Father Ted

1995 | United Kingdom

Surreal, silly and very very funny, Father Ted was a sitcom that not so much thumbed its nose at some of Irish cultures most sacred cows, but rather brazenly bludgeoned them to death with a gleefully wielded sledgehammer. 

Created and written by the team of Graham Linehan and Arthur Matthews -who would later go on and contribute their not inconsiderable comedy talents to both The Fast Show and Coogan's Run- the series charts the misadventures of chain smoking morally suspect Catholic priest, Father Ted Crilly (the late and sadly missed Dermot Morgan), who's been banished to a stark, desolate off-shore ecumenical limbo somewhere off the Galway coast, named Craggy Island, for numerous shadowy misdemeanours and even less shadowy character defects. Along with Ted is his young, inexperienced, child-like and likeable, but staggeringly stupid curate, Father Dougal Maguire (a perfectly judged performance of almost breath-taking empty headedness by young stand-up comedian Ardal O'Hanlon), and the alcoholically hazed, psychopathically monosyllabic retired veteran cleric, Father Jack Hackett (seasoned character actor Frank Kelly). Rounding out the central quartet is the excellent Pauline McLynn as the manically devoted parochial housekeeper, Mrs. Doyle.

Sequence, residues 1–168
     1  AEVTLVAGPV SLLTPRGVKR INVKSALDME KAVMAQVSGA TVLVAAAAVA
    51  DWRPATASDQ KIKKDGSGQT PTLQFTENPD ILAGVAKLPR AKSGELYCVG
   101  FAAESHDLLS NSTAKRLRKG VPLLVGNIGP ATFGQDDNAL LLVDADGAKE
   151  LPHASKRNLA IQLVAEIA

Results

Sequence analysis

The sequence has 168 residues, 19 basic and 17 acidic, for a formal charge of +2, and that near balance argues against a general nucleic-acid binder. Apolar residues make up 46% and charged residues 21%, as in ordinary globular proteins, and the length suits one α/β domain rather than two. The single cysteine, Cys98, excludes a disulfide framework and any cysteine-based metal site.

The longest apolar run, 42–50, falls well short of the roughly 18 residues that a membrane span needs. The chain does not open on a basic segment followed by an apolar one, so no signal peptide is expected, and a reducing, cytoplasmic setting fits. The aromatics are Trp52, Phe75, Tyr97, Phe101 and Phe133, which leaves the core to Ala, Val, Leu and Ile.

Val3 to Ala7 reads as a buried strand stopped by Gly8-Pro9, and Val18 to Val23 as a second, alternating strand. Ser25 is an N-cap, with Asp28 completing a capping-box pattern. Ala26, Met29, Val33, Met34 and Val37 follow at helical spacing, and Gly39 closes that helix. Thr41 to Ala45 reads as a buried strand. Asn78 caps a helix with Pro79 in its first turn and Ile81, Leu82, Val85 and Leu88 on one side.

Pauline McLynn as Mrs Doyle. "Aah, go on!"

On the foundation fashioned from this basically simple scenario, writers Linehan and Matthews created a near self contained universe of inspired lunacy and comic invention, which more often than not revolved around Ted's (forever) just out of reach dreams of striking it rich and effecting an escape to the civilisation, and tantalising pleasures of the fleshpots of the mainland. Everything from the cult of celebrity through the blatant (but very funny) recycling of plots borrowed from every imaginable genre, to the lure of sex and existence of God Him/Her/Itself were routine grist to the comedic mill of the Craggy Island foursome during the course of the show's three seasons, which ran to enthusiastic audiences and critical acclaim on Channel 4 between 1995 to 1998, as was evidenced by its numerous prestigious BAFTA Award triumphs for such a relatively new series. And, although it was always intended that the series would come to a natural close with the third season, the hopes of die-hard fans that the run would be extended, or future specials would return them to the hapless inhabitants of Craggy Island were sadly dashed by the untimely and wholly unexpected death of star Dermot Morgan at the age 45 in 1998.

Although Father Ted's run was short by successful television comedy standards, its impact on viewers was both instantaneous and enduring. With both its characters and its numerous catch phrases gaining an almost iconic status in some quarters of the viewing population. Anarchic, sometimes controversial, sharply written, performed to perfection and most importantly, delivering a scattergun helping of consistent laughs, Father Ted was a prime example of modern situation comedy at its very best.








Published on December 11th, 2018. Written by SRH for Television Heaven.

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